Anasuya is the second of two movies in December - the first being Mantra
- that makes you want to cross your fingers and pray pray pray pray pray that these people are the future of Tollywood.
A lot of people might say a lot about Hollywood influences. Well, who else would we want Ravi Babu, Tulasiram and their ilk to be influenced by - all those Tollywood "biggie" directors who we won't name here and who think a great movie is all about the hero's intro scene, the choice of fight master, the amount of "ladies sentiment", the number of times the camera will be frozen when the hero is spread-eagled in mid-air, the number of references to the hero's father and grandfather, and the number of "mass" songs?
Anasuya is perhaps not the most innovative of thrillers, certainly not for someone who watches the English movie channels. However, it marks a pleasant digression from routine Tollywood fare - it has a script packed with IQ almost all through, it has no meaningless song and dance, it looks slick, it has a powerful role for the woman, and it doesn't need you to suspend your powers of reasoning anywhere.
Anasuya (Bhumika) is a brilliant journalist with a flair for investigative reporting, and plenty of spunk and feistiness. When a serial killer strikes town, she is chosen by her channel to investigate what the cops are hiding and what is going on. Unfortunately, that puts her in direct confrontation with the killer himself. And he is very smart and very psychotic.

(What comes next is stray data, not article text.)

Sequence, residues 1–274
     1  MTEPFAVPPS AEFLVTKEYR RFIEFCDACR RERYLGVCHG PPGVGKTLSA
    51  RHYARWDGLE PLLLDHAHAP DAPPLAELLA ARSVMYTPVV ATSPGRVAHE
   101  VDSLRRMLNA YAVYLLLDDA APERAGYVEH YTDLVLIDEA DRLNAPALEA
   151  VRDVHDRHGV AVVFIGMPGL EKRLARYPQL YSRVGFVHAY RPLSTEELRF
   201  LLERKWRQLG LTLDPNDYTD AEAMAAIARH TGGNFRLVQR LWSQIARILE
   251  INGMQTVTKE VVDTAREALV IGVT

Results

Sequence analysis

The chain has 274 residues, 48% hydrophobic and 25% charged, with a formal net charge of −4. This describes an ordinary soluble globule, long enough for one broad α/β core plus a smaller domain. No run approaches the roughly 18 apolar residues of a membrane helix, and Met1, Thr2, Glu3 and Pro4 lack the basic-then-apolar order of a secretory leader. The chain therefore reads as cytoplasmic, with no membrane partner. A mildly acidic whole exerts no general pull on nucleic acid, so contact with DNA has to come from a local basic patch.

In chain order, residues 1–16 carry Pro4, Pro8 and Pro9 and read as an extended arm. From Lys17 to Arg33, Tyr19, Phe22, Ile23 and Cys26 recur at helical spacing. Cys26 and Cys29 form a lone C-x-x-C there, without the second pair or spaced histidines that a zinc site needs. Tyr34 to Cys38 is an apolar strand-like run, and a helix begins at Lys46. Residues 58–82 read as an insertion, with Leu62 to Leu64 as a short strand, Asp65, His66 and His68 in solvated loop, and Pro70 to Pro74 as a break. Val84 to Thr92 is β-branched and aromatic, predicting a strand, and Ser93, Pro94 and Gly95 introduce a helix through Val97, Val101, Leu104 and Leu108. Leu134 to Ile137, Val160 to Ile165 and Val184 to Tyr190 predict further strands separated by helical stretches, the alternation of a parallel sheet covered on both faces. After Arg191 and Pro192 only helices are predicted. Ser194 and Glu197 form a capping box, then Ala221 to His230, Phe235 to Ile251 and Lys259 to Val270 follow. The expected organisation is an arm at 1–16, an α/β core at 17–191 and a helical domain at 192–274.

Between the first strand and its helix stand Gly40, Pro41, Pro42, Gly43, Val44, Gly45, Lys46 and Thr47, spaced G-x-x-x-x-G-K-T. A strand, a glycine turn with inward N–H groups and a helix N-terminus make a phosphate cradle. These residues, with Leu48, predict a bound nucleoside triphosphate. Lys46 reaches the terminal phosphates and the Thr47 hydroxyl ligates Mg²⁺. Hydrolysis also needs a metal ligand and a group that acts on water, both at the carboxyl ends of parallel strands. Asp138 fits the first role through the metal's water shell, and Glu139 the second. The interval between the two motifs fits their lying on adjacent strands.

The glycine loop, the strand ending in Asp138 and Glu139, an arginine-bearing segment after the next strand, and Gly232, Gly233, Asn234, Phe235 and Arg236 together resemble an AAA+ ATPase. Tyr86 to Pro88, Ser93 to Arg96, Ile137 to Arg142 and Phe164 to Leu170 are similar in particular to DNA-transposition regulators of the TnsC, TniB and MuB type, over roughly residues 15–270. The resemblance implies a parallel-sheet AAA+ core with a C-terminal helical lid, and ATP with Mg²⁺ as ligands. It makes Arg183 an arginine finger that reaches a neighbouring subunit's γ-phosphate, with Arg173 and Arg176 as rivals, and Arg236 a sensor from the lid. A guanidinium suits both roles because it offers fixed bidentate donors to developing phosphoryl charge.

The best way to enjoy Anasuya is to want to enjoy it. All except the best horror/thriller/suspense movie directors tend to cheat here and there - things that have no explanations, and were inserted just to scare you or for effect - and Ravi Babu, the writer cum director of this one, is no exception. For example, that whole sequence where the killer is calling Anasuya from her own mobile, from the next room - just why did he have to wait so long? However, if you do not sit and the end and try to connect the dots all over again, this is a fine film.
Bhumika is a seasoned actress, and the role is within her range. Nobody else but the killer (Ravi Babu) himself has much to do, but they all do a good job. Some parts engage you with feverish urgency, some parts drag (the flashback and the climax, for instance), and some parts are downright preposterous (Bhumika's interview), but you're in general never complaining about your fate.
Adroit camerawork and a compelling background score keep the experience on the right side of relish. The second half turns relatively drab with not enough to keep you on the edge of your seat - like we said, the flashback and climax are a tad too long - but the presentation bails out the experience.
Anasuya is a good choice for an easy two hours of slickly presented thrills, and is one of the few options you have in Telugu.